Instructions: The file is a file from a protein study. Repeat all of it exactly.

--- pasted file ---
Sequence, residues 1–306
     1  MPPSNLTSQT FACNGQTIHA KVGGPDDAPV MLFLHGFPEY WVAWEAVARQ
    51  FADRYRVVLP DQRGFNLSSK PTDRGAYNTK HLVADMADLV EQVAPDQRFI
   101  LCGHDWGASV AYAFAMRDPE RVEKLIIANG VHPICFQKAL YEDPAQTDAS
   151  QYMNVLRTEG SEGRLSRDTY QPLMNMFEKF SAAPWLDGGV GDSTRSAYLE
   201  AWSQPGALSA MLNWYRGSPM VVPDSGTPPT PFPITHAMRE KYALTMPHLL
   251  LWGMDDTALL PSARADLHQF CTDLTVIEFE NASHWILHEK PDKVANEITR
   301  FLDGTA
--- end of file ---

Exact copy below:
Sequence, residues 1–306
     1  MPPSNLTSQT FACNGQTIHA KVGGPDDAPV MLFLHGFPEY WVAWEAVARQ
    51  FADRYRVVLP DQRGFNLSSK PTDRGAYNTK HLVADMADLV EQVAPDQRFI
   101  LCGHDWGASV AYAFAMRDPE RVEKLIIANG VHPICFQKAL YEDPAQTDAS
   151  QYMNVLRTEG SEGRLSRDTY QPLMNMFEKF SAAPWLDGGV GDSTRSAYLE
   201  AWSQPGALSA MLNWYRGSPM VVPDSGTPPT PFPITHAMRE KYALTMPHLL
   251  LWGMDDTALL PSARADLHQF CTDLTVIEFE NASHWILHEK PDKVANEITR
   301  FLDGTA